BEHIND THE WILLIAMS RECORD: AINSLEY O'CONNELL
(From On Campus, June 2006)
By Mark E. Rondeau
Ainsley O'Connell '06, helped guide The Williams Record through a period of change recently, while at the same time striving to uphold the high journalistic standards passed down through the years at the paper.
In the process, she has thought much about the role of The Record on campus and about the ever-changing world of mass communications outside the Purple Valley.
"You have the power to make a difference with what you write. You realize that once the truth gets out there, it does make things happen," she said of her experience with The Record. "And, I think that that's a powerful lesson."
"We see ourselves as a real newspaper," she continued. "It's not a newsletter, and we definitely run into problems when people try to use us in a way that we don't want to be used. We go back and forth in terms of, 'who is our allegiance to? Is it to the community as a whole? Are we supposed to be the voice of the students?' And I don't think we come down firmly either way on that issue, which is fine.
"It's better to have the ongoing debates about it, though I think on another level we are students and we do write and talk, we share our voices, as students," she said.
Ainsley, an English and political science major from Lake Bluff, Ill., concluded her four-year career at The Record as publisher this spring.
The Record is an independent, subscriptions-and-advertising-based weekly, founded in 1885, with a circulation of close to 4,000.
Ainsley took some time on a deadline day in April for an interview at The Record's temporary headquarters at the corner of Spring and Walden streets.
"The first story I did got me hooked on news writing. It was about an underground fraternity here, St. Anthony Hall. The Record had kind of known about it but had never gone ahead and done any reporting on it," she said. "I guess that was kind of a turning point for me on that story. I was really proud of it."
Having editors who were strict about high journalistic standards was important as she worked on the story: "They wanted me to double check everything, and that was also a really good lesson."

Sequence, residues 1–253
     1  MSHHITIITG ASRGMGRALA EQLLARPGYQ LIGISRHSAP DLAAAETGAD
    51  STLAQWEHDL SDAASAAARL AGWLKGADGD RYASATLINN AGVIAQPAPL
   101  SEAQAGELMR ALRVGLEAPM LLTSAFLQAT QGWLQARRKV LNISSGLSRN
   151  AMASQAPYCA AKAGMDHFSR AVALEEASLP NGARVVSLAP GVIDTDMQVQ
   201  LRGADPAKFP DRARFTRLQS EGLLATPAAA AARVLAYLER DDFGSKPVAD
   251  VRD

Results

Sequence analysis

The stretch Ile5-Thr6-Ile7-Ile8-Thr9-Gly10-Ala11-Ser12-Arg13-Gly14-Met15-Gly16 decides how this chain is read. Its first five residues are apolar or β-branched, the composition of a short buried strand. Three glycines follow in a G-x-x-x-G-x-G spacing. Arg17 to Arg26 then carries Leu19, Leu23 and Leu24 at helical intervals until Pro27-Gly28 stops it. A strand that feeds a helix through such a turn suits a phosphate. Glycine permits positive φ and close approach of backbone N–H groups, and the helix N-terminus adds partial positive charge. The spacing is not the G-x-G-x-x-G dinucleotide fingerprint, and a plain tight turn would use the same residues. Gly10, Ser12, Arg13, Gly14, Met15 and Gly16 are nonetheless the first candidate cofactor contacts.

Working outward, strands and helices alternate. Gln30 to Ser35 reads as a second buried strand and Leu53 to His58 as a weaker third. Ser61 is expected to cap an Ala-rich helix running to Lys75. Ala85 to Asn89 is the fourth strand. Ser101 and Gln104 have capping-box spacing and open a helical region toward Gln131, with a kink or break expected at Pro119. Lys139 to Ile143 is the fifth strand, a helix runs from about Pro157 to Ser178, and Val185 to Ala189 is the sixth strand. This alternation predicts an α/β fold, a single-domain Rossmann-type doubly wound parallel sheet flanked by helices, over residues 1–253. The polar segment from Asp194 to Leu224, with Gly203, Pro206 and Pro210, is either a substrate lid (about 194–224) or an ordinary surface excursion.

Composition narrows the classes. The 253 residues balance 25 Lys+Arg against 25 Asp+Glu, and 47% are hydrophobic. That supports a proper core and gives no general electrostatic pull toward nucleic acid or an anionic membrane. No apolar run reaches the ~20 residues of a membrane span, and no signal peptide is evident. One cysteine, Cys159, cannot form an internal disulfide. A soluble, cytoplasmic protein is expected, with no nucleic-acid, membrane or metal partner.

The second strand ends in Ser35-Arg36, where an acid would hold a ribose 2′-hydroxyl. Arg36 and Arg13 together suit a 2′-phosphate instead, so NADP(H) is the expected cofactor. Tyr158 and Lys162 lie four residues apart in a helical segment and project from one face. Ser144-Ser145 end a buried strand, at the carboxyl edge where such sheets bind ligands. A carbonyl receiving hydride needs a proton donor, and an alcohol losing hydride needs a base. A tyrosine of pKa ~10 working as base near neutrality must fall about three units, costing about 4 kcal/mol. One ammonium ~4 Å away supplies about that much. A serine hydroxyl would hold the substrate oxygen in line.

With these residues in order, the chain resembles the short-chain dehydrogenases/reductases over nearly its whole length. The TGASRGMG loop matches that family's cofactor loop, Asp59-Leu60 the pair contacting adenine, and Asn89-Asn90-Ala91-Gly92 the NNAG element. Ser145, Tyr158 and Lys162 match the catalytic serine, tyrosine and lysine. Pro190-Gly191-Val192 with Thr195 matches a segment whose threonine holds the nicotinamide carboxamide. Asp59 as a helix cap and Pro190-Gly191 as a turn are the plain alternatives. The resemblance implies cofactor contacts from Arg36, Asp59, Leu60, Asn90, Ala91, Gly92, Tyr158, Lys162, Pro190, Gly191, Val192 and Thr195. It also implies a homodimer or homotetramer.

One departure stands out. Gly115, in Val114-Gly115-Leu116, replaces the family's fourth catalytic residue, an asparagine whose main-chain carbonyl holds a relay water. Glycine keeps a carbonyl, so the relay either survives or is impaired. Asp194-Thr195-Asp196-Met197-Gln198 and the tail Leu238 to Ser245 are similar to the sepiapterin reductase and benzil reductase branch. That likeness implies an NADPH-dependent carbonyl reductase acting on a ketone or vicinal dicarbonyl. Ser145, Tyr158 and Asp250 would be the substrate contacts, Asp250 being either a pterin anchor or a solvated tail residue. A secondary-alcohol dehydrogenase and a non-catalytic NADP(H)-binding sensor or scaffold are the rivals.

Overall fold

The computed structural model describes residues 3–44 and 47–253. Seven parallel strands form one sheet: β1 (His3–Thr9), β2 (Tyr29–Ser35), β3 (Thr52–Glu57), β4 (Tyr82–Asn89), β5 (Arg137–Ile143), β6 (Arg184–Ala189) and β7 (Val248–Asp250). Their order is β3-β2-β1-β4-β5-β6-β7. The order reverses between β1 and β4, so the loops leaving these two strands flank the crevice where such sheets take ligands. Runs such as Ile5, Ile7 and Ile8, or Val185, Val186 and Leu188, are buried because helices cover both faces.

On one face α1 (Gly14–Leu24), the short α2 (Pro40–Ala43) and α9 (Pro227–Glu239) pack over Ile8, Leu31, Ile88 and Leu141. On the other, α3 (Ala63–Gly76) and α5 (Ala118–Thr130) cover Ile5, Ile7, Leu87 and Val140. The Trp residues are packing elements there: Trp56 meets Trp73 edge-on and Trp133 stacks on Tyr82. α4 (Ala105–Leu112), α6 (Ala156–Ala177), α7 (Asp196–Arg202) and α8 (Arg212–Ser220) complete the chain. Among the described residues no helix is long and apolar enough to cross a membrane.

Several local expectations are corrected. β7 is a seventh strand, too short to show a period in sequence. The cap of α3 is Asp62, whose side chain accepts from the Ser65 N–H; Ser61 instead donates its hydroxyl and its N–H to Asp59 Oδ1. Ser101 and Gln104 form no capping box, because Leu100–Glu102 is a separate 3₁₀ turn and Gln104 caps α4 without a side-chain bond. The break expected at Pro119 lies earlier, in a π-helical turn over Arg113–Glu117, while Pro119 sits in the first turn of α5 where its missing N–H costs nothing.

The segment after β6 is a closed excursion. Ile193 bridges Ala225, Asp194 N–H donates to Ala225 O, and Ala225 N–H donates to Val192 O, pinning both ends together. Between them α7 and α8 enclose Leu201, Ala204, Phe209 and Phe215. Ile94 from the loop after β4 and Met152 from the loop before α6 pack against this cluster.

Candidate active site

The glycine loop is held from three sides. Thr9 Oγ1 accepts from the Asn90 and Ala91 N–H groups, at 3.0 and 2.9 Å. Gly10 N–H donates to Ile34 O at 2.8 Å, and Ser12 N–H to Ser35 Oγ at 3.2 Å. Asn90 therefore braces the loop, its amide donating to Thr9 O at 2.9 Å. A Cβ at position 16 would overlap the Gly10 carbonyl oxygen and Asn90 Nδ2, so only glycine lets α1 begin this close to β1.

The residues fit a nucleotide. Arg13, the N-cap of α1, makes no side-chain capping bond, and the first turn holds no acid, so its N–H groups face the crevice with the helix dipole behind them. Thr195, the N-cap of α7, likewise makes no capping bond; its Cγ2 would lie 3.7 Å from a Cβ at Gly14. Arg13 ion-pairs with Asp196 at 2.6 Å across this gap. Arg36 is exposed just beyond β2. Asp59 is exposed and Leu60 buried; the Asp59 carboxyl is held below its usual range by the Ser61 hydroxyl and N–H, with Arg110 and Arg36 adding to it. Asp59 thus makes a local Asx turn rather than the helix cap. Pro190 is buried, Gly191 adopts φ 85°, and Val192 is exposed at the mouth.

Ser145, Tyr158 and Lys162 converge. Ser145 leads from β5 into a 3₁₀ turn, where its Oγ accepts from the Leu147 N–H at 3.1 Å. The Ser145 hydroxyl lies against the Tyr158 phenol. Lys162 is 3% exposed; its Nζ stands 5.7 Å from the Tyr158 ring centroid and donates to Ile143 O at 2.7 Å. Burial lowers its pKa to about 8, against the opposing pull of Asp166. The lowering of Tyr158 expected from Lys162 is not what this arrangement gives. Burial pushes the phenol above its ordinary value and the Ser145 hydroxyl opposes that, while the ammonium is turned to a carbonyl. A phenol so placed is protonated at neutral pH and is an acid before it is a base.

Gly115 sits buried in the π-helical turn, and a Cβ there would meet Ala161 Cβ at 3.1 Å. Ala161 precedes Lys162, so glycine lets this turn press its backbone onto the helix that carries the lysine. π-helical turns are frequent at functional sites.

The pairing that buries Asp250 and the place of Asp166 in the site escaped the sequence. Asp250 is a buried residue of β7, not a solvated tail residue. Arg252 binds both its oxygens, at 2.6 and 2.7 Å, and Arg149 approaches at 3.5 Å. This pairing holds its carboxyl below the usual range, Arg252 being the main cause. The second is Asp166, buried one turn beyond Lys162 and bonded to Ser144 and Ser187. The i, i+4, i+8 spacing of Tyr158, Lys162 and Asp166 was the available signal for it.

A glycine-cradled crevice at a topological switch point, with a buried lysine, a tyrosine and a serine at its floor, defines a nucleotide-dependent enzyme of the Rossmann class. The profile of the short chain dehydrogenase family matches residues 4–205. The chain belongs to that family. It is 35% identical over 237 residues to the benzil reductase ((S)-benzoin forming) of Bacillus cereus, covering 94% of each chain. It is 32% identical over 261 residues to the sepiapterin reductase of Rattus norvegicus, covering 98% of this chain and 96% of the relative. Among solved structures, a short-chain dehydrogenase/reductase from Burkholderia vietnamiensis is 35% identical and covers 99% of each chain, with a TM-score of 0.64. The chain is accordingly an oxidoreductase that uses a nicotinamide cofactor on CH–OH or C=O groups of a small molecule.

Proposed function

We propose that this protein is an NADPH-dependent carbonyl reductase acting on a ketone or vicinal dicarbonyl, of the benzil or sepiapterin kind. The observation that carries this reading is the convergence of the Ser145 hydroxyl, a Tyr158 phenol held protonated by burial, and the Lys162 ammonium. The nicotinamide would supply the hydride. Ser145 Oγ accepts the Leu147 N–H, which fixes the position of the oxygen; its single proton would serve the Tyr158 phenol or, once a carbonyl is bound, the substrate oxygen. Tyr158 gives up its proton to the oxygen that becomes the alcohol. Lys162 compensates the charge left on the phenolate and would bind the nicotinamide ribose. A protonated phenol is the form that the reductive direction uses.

Ainsley applied to be an editor in the fall of her first year, and in the spring of 2003 she became arts editor, a position she held for a year. She next became executive editor and then editor-in-chief. As publisher during the spring semester this year, she has managed the business office and served as an editorial advisor.
Williams does not offer a journalism major, but Ainsley has received big-time journalism training in summer internships. She has worked as a reporter at the Chicago bureau of The New York Times, as a researcher with Forbes magazine in New York, and as a reporter for New York Newsday.
When she first became editor-in-chief of The Record, Ainsley would put in at least 40 hours a week and often more. But she felt much of that time was spent inefficiently, overseeing an overly laborious editing process and solving technical difficulties associated with old-fashioned printing techniques.
"It was just getting a little too much. We decided over that summer not only to give the paper a whole new look, and to add color and all those things that we've been talking about for a long time, but to rethink everything about the paper.
"We started transmitting the paper digitally to a new printer with color capabilities. We changed the whole editing process and decided that it didn't make sense to publish 22-page issues with 1,000-word articles that no one was reading. We decided we really should be printing 500- or 600-word articles, and a lot fewer of them, boosting the quality of our content by focusing our resources and our efforts."
By the fall of 2005, The Record had its new system in place, new staff aboard, and other changes ready. Ainsley's workload, and that of the other editors, was reduced substantially, without sacrificing quality.
After graduation, Ainsley will work in strategic management in New York City. "I'm interested in gaining some basic business skills so that I could either do business reporting or maybe go into the business side of media. So much is changing there right now," she said. "I thought this would be a good time to try something different, but I'll probably go back to journalism."
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